We all learn from our mistakes, it’s one of the strongest methods of learning we have. Stick your hand in boiling water and that outcome – the searing pain from your boiled hand – really gets the lesson across: don’t do that again. But we barely ever do this in eLearning. It’s a massive waste of opportunity.
To write mistake based learning isn’t that hard. It uses no different technology or development strategies, you can stick with multichoice if you want – you just need to explore and explain outcomes.
The key to it is to branch a little bit – write customised feedback for each option. That’s it. If you can give learners legitimate-enough distractor options, and in the feedback, take them through the repercussions of that wrong choice, they’re learning from the mistake.
Here’s an example of mistake-based feedback for a multichoice question:
“You decided to immediately open the valves to prevent explosion. Unfortunately there were maintenance contractors working in the area. When the emergency valves opened, they were horribly burned to death.”
In this instance, the learner sees the outcome. The horrifying consequences of their action. It’s quite clear they’ve made a mistake. If you’re not considering outcomes, a typical feedback option could just as easily be:
“You decided to immediately open the valves to prevent explosion. This is incorrect. You must always check the site maintenance roster before changing valve configurations on site.”
Pretty arse in comparison. The learner never learns why they shouldn’t open the valves, they just learn the company policy. By rote. So what happens if situations are different later down the track – the roster dates get accidentally wiped off or something? They won’t have an appreciation for the outcome of the mistake – they might think it’s no big thing to just check the roster afterwards. Watch out contractors.
It’s as simple as that. Custom feedback for each option, walking through the consequences or outcome of their selected choice.
If a learner selects an incorrect branch, my preference is to redirect the learner to try again. They’re not going to pick the same thing again, and they can learn from the other incorrect options too if they’re things they’d think to do first as well.
It’s not just for those who don’t know the answers though. People who know what to do might just like to see what would happen if they did vent the gas instead. So it can reinforce their correct response too. For them, it’s like a pick-a-path book – don’t tell me you didn’t keep three fingers in there to see what happened down the other paths!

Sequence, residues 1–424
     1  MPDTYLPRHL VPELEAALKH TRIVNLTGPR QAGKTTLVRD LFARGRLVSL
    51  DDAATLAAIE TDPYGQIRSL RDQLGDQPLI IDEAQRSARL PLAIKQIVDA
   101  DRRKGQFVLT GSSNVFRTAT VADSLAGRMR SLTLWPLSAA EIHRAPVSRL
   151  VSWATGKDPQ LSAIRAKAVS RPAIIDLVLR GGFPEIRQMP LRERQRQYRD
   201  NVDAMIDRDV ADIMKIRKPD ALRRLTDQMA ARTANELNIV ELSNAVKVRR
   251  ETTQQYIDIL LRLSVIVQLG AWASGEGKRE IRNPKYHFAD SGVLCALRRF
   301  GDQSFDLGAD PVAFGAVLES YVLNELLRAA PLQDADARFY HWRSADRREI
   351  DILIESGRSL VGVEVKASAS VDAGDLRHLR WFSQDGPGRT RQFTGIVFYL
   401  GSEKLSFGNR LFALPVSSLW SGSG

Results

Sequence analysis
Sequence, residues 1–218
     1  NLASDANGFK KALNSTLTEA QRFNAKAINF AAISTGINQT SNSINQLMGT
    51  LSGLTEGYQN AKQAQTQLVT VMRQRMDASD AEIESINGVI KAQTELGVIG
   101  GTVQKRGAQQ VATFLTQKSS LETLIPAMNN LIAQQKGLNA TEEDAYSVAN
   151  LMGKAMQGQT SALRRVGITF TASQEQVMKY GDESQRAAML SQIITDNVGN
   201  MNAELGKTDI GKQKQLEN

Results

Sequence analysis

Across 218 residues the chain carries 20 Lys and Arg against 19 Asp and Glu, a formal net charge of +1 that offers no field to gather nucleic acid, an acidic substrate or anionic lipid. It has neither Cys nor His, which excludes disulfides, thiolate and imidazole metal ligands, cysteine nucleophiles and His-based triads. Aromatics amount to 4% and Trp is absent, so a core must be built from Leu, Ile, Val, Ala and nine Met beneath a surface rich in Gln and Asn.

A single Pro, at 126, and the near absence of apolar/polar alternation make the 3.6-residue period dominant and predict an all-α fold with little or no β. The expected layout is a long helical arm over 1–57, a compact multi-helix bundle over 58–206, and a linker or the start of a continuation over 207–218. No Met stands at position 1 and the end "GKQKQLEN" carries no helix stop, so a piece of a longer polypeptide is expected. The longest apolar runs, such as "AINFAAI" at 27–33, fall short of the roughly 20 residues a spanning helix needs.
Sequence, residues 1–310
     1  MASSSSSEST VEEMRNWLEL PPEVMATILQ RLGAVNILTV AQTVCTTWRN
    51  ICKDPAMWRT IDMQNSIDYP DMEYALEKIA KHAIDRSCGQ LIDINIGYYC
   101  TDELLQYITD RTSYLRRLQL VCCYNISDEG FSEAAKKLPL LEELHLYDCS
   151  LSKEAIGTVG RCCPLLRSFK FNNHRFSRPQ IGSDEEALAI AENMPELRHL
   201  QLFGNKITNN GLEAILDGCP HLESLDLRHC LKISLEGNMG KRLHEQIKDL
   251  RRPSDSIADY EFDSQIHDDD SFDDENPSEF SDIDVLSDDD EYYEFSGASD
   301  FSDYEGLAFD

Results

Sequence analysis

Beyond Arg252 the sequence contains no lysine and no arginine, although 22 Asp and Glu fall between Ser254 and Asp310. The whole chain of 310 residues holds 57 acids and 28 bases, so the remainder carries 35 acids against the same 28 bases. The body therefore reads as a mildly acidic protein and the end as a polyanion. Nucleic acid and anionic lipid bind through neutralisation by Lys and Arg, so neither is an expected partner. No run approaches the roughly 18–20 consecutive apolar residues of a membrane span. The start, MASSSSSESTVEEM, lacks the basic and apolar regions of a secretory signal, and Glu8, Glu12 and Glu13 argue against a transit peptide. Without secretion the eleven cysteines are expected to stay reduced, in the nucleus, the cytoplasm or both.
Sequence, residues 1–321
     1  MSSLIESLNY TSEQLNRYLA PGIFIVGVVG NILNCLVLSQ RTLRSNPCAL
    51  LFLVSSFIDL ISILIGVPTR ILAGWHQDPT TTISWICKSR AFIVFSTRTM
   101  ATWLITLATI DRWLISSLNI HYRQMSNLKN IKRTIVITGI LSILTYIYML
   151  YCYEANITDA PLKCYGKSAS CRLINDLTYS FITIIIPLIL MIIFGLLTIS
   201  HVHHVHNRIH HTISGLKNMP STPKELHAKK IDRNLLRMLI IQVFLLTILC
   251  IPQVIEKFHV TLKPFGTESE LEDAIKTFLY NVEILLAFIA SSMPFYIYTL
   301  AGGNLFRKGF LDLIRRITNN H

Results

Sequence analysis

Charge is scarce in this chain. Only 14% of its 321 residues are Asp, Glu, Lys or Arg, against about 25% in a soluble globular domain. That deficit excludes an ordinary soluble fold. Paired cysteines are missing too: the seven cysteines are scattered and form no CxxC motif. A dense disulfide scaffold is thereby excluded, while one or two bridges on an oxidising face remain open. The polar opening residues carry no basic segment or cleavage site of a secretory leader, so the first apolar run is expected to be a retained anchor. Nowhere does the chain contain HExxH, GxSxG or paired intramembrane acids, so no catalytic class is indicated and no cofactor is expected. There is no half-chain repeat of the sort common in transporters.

All it takes to make the training so much more effective (and enjoyable) is to spend a little more time on individual outcome-based wrong-answer feedback.
As a real-life example on less exciting topics than gas-venting, I was lucky enough to read feedback from learners of a module I developed recently. One of the favourite parts of the training was a conversation piece where you could select from a variety of responses to a customer and see the outcome. The customer was making an enquiry and mentally fragile. The options to respond to their enquiry all said ‘sorry we can’t do that’ in essence, but they varied in terms of warmth. If you decided to be a complete bastard, you were still correct – but you got to see the reaction from the customer, got to see the pain in their little face and speech bubble. Aw. But as the learner picked less-arseholey options, they saw the different effect and response it had on the customer. By seeing the outcome, and having the opportunity to select something else, they could learn from their mistake.
One more thing – don’t say ‘try again’ in an incorrect branch. It implicitly says ‘you’re wrong’ which is not how you want mistake-based learning to work. The end of your incorrect branches should recognise that that wasn’t an ideal outcome and maybe there’s a better one. It’s about what happened, not what’s right or wrong. Better to say ‘see what happens with another option’ or ‘explore another way of addressing this’.
Key points to mistake-based learning:
- write feedback for each option illustrating the outcome of the choice.
- give the learner the option to keep trying until they get it right.
- Don’t slap ‘incorrect’ on everything. Just tell them they’re correct after they’ve read the correct response’s outcome.
Go on – work some mistake-based learning into your next module. It’s way more fun, and way more effective.